"Just because you have something bizarre and extreme, that isn't necessarily positive," Kemper says. "We want to present beers where the focus is on desirable flavors, and minimize undesirable flavors."

Brewer's pick: Helles (from German for "bright") was Munich's answer to the Czech pilsner. It's a pale lager, light in color.

If not the Helles: Try the Kölsch. "I don't know if you can find a better one literally in the world," Kemper says. "It has never gotten anything less than a gold medal. So it's a good beer."

Fun fact: About 75 percent of Chuckanut's beer is sent to the Seattle area. Right now it's shipped in kegs, but owner Will Kemper plans to start a bottling line in the near future.

Where it's sold: Poured fresh at the brewery, with to-go growlers available. Also sold in bars, restaurants and grocery stores throughout Western Washington. For a full list of vendors, visit Chuckanut's website.

Location: 601 W. Holly St., Bellingham.

Phone: 360-752-3377.


It's simple, really, says Aaron Jacob Smith as he shuffles to a seat in the bar. It's like making a giant fermentable soup.

Soak grain in hot water for this long, add this many hops, cool it down and sprinkle in some yeast. Then wait a couple of weeks.

As any soup maker knows, each recipe leaves room for creativity. And in the craft-brewing world, pushing boundaries has always been the thing to do.

But Smith, head brewer at Boundary Bay Brewery, is happy to leave the recipe for his IPA alone. With help from the brain trust at Boundary Bay, Smith micro-engineered the ale into a bold, hop-heavy award-winner.

The IPA had been tweaked a few times in the brewpub's 17-year history, but one day, Smith says, there was nothing left to change.

It was his hoppy, bitter baby; and at Boundary Bay, bitter is a crowd-pleaser.

"There was a kind of paradigm shift in the lupulin threshold of people's palates," he says. (Humulus lupulus is the technical name for hops.) "I think that as you evolve in your beer drinking, you acclimate to being able to appreciate bitter more."

Smith learned to brew the old-fashioned way: hiding his brewing tools in his closet and tinkering with malt and hops until something worked.

He got his first job at Boundary Bay through fate, or luck, or whatever you want to call it. He was enjoying a beer at the bar - over there, he says, pointing to a barstool behind him - and someone told him the kitchen was short a dishwasher.

"So I dumped out my beer and put on an apron," Smith says.

From there he worked his way up. After a few years, and a symposium of lessons from the two head brewers who preceded him, Smith's beers were on the menu.

Being head brewer at the nation's largest brewpub is a pretty sweet job, for sure. It's also sweaty, messy, and a lot of work for a hands-on guy like Smith.

"There's this misperception that I sit around drinking beer all day, dreaming up recipes," he says. "But it's, like, 90 percent cleaning."

And there's more work on tap: Boundary Bay will soon add three new fermentation tanks as the brewpub expands next door.

The brewery rotates its tap with a slew of sturdy brews. Every so often the bartenders pour something new, like the beer Smith came up with to celebrate the 50th anniversary of the Seattle World's Fair.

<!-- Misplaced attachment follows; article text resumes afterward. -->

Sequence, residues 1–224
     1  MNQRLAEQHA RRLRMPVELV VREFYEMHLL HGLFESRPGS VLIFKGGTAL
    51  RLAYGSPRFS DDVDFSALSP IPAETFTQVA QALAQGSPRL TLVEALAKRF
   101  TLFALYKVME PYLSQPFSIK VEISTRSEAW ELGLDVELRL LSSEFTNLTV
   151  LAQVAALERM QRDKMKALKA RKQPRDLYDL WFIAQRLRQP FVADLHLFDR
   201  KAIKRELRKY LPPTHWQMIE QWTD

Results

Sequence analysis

But it's a safe bet you'll see plenty of locals ordering the old standbys, like the Oatmeal Stout and the Blonde Ale.

Brewer's pick: IPA. Yakima hops galore.

When it's on tap: Go with whatever's seasonal. In March, the brewery released an Irish Red Ale that paired well with Bellingham's St. Patrick's Day Parade.

Fun fact: To qualify as the nation's largest brewpub, Boundary Bay must sell at least 25 percent of its beers onsite.

Where it's sold: Poured fresh at the brewery, with to-go growlers available. Big 22-ounce bottles sold at the brewery, grocery stores around the state and at Pickford Film Center. Check Boundary Bay's website to see what's available in bottles.

Location: 1107 Railroad Ave., Bellingham.

Phone: 360-647-5593.


In seven months, David Vitt built his brewery from the ground up.

"This metal came off of my neighbor's barn," he says, tapping his foot on a sheet of metal beneath the bar. "There's a lot of good energy in this building."

The menu at Kulshan Brewing Co. is simple: no food, just four classic staples on tap and two rotating special brews. The food carts stationed outside the brewery rotate, too, depending on the day.

So far the simple menu has worked: It didn't take long for Kulshan to catch on, proving there might just be room for another brewery in Bellingham.

Within a week of opening April 2, Vitt had beers on tap at a dozen businesses, from The Copper Hog in Bellingham to Port Townsend's Pourhouse, and Bellingham chefs were using his American Wheat Ale to grill salmon.

Vitt spent about six years with Fish Brewing Co., in Olympia, before returning to his roots in Bellingham to start Kulshan. He made his first homebrews on his back porch, when he lived on Humboldt Street years ago.

"We're obviously the new kid on the block," he says. "I'm a pretty modest person when it comes to beer. I'm not looking to win any awards. If people like the beer, that's all that matters."

Brewer's pick: Pale Ale. A versatile, drinkable beer that's good any time of the year. "It's my above-and-beyond favorite," says founder David Vitt.

Location: 2238 James St., Bellingham.

Where it's sold: Poured fresh at the brewery, with to-go growlers available. On tap at select bars, restaurants and taphouses in Whatcom, Skagit and Jefferson counties.

Phone: 360-389-5348.


Malt: Mashed grains. Aside from water, this is the main ingredient in beer.

Hops: A flowering vine that adds bitterness and flavor to beer.

Mash tun: A vessel used to mash up grain, one of the first steps in the brewing process.

Wort: A heated mix of malt and water. Sugars from the wort turn into alcohol during fermentation.

Ale versus lager: One big difference is in the yeast strain. Lagers also brew at a slower pace and cooler temperatures. Generally, ales are fruitier; lagers are maltier.

IPA: India Pale Ale. A hoppy style of beer with English roots. Popular at all four Whatcom County breweries.

Reach CALEB HUTTON at or call 715-2276.